"Cast all your cares upon Him for He cares for you."
(1 Peter 5:6-7)

I worry alot about this whole mom thing. 

I worry that I am not good enough or strong enough or brave enough. 

I worry that-despite my best efforts-I have caused/am causing some kind of irreparable mental and emotional damage to my child that will force her into years of therapy due to my divorce from her dad and all the shuffling from house to house. 

These are the newest additions to the monsters in my closet. 

The things that keep me up at night. 

But, not Sunday night. 

Nights like Sunday night are the nights that God chooses to remind me that I am not failing-I'm just not listening.

Because the truth is this: my child sees and hears and absorbs all the good things in her life-the things that far outweigh the bad, and this is how I know:

After helping her out of the shower on Sunday night, I began to towel dry her hair. While I was doing that, the towel caught one of her earrings that has been giving her alot of trouble. 

The ear instantly started bleeding...alot. 

And she started to cry...alot. 

I worried that I had pulled it out or torn her earlobe, and I needed to look at it and possibly remove the earring to see what exactly had happened. 

When I tried to explain this to her, she cried even harder! 

I knew she was scared and I can only imagine how much it hurt, but unfortunately my impatience got the best of me. 

I was tired from our weekend away, and my nerves were shot. 

Stick me in lots of places with multiple children and I am quickly reminded why I only have one! 

But, I digress. 

After trying to bargain with her for several minutes and eventually losing my patience with her all together, I had officially made the situation worse and through her sobs she asked me to let her call her dad. 


The ultimate sign of mom failure.

She wanted her dad. 

So, I got her in her pajamas and braided her wet hair away from the bleeding ear. I then retrieved the teddy bear that seems to soothe all fears and propped her up on my bed to call her father. 

They talked. 

I pretended not to listen. 

Her tears subsided and then she handed the phone to me.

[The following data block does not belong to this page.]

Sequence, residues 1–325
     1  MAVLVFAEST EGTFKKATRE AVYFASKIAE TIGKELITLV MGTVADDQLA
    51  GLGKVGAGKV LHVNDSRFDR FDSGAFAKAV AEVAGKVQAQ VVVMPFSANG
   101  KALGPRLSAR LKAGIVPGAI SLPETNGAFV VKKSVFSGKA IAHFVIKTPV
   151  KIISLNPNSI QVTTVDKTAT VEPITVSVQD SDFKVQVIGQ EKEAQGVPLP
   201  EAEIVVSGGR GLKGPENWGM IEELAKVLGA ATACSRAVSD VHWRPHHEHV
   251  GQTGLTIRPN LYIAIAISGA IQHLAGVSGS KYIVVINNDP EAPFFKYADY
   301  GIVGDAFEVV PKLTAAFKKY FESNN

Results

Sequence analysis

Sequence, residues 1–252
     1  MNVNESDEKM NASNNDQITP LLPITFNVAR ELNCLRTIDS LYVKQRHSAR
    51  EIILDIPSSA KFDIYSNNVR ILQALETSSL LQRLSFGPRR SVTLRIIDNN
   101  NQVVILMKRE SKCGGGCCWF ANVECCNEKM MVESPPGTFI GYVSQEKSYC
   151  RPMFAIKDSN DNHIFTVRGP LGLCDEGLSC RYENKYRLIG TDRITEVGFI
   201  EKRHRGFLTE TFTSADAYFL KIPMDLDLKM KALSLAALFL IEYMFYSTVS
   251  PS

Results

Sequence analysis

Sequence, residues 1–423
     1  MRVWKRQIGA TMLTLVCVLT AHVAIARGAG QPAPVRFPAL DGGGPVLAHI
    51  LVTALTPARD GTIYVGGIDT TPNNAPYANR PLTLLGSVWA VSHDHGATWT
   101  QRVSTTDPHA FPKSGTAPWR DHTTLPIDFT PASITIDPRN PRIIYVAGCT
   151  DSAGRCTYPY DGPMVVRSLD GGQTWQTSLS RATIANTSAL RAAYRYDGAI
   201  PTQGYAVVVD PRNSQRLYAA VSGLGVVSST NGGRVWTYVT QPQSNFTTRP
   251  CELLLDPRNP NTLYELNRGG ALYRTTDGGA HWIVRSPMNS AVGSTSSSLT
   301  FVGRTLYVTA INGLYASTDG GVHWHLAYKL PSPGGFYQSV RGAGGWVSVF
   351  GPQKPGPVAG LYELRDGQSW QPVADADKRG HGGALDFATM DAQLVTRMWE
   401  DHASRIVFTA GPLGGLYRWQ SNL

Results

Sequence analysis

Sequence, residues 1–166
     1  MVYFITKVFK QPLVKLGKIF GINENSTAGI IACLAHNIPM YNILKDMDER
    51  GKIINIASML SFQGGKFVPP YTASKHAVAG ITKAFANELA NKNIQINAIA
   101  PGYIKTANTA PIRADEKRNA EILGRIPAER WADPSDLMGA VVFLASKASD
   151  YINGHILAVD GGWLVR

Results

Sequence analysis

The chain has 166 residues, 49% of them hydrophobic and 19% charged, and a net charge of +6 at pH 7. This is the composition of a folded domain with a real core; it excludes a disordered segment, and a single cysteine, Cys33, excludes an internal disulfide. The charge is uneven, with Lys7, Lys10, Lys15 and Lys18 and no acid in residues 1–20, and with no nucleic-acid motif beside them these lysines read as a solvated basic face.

I exchanged some short words with him and then told him I'd call him if I needed help, and then we hung up. 

She looked at me through sad eyes, and said, "I know you need to look at it, but I want to pray to God first."

"What?! You want to pray about me looking at your earring?!" 

I didn't even try to hide the annoyance in my voice.

"Yes, mom." she said so innocently, and then hopped off my bed, went into her room, shut the door, and she began to pray. 

I instantly felt bad. 


In that moment my child's faith far surpassed my own. 

How often do I only turn to God for the "big" things, and forget that He is the Master and Creator of ALL things?

Too often. 

How often do I cry out to Him to heal illnesses, provide funding, and make a way where there is no way and forget to pray during the "small" moments: the computer that shuts down in the middle of a project, the stress-induced arrhythmias, the family drama, the co-parenting disagreements, etc? 

More than I should. 

Sometimes I think I still believe the lie that God is this unattainable being who is "too busy" for my problems. 

Why would I bother Him with a paper cut when my aunt is fighting cancer?

Why would I seek His face about my huge electric bill when some people don't even have a home with an electric bill to pay?

Why would I ask for help with my co-parenting issues when I am the one who got myself into this mess? Surely, God does not want to hear about how hard the consequences of my sin are!

These are my attempts at rationalizing my weak faith, and in turn, I shove the thorns, and the paper cuts, and the bitter words under the carpet of my heart and "save" my prayers for the "big" things.